study also found that other factors, including the type of counsel, were more strongly associated with placement outcomes than the mere fact of being represented by counsel.
Juvenile courts processed nearly 1.8 million criminal delinquency cases5 and 162,000 status offense delinquency cases in 1996 (Stahl et al., 1999). Figures 5-2 and 5-3 show how criminal and status delinquency cases, respectively, were handled by the courts in 1996, the most recent year for which data are available. A total of 56 percent of the criminal delinquency cases that were referred to juvenile courts in 1996 were formally handled by the court (petitioned); that is, these cases appeared on the official court calendar in response to the filing of a petition, complaint, or other legal instrument. Over the past 10 years, there has been an increase in the percentage of cases (from 47 percent in 1986 to 56 percent in 1996) handled formally for all juveniles, regardless of age, race, or gender. Criminal delinquency cases involving older juveniles, males, and blacks, however, are more likely to be petitioned than those involving younger juveniles, females, and whites or other races, respectively (Stahl et al., 1999). Arguably, formal handling of cases can be considered more punitive than release or diversion to other systems. Therefore, the increase in formal handling of juveniles who come into contact with the police or who are referred to juvenile court may be interpreted as a system that is becoming more punitive.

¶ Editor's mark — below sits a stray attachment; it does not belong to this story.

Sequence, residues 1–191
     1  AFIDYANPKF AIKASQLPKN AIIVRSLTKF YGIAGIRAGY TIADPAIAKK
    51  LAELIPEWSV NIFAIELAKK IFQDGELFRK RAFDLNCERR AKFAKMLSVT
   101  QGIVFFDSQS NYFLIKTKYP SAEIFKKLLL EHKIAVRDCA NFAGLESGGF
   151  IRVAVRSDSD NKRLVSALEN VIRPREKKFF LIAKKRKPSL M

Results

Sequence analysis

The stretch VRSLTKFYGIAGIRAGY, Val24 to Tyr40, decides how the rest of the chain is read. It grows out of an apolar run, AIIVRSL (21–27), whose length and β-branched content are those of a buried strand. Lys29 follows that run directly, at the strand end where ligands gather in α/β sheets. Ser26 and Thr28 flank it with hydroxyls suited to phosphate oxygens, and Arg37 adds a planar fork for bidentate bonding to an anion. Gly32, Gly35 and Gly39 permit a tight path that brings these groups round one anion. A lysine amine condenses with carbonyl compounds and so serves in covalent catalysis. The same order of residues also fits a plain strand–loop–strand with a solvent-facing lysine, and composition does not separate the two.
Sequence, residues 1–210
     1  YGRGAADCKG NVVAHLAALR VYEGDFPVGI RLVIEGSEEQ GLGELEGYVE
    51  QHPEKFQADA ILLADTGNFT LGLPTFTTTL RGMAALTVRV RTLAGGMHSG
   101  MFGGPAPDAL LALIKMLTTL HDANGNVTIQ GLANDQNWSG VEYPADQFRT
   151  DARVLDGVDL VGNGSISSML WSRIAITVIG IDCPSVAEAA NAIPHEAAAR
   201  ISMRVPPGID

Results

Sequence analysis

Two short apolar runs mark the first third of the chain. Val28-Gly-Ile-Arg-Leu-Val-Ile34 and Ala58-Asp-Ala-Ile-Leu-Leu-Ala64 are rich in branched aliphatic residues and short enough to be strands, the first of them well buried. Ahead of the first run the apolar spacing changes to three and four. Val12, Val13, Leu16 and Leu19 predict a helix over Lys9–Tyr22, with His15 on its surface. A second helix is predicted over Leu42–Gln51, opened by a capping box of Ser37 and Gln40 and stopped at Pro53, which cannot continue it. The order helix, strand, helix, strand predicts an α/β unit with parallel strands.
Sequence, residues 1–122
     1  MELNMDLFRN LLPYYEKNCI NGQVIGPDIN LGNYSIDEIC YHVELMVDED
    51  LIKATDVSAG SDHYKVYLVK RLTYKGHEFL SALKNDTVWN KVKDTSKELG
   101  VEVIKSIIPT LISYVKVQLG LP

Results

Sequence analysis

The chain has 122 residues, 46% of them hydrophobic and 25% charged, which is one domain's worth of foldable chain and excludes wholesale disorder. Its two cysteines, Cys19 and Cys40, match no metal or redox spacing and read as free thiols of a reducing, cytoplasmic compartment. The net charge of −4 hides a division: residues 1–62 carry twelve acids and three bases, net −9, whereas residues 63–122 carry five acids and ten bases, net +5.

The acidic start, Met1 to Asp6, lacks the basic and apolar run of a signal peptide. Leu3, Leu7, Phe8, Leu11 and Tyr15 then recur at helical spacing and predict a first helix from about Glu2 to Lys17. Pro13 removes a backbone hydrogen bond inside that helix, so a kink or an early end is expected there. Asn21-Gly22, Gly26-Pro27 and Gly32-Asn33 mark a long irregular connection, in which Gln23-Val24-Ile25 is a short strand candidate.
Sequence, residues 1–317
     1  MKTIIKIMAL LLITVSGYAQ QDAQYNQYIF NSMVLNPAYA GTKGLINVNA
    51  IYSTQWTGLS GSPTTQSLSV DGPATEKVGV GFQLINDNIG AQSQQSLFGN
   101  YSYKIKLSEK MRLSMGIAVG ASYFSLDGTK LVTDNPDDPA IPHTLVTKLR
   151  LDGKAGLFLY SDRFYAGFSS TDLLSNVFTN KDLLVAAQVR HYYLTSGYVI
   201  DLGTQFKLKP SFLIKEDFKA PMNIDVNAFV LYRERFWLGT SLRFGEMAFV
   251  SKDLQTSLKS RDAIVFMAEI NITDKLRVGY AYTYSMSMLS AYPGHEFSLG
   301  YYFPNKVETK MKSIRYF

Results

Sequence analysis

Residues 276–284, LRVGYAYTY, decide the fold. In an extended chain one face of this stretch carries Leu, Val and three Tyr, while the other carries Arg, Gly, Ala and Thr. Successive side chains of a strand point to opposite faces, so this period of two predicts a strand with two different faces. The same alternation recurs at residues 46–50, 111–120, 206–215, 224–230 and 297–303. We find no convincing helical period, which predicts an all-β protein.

Diversion covers a wide range of interventions that are alternatives to initial or continued formal processing in the system (Kammer et al., 1997). The idea behind diversion is that processing through the juvenile justice system may do more harm than good for some offenders (Lundman, 1993). First offenders or minor offenders may be diverted to an intervention at intake processing or prior to formal adjudication. Juveniles may be diverted from detention while awaiting adjudication and disposition. After adjudication, minors may be diverted from incarceration by being placed on probation or given some other sanction or intervention.
One concern that is often raised about diversion programs is that they may result in net widening which is “a phenomenon whereby a program is set up to divert youth away from an institutional placement or some other type of juvenile court disposition, but, instead, merely brings more youth into the juvenile justice system who previously would never have
“A case represents a youth processed by a juvenile court on a new referral regardless of the number of violations contained in the referral” (Sickmund et al., 1998:1).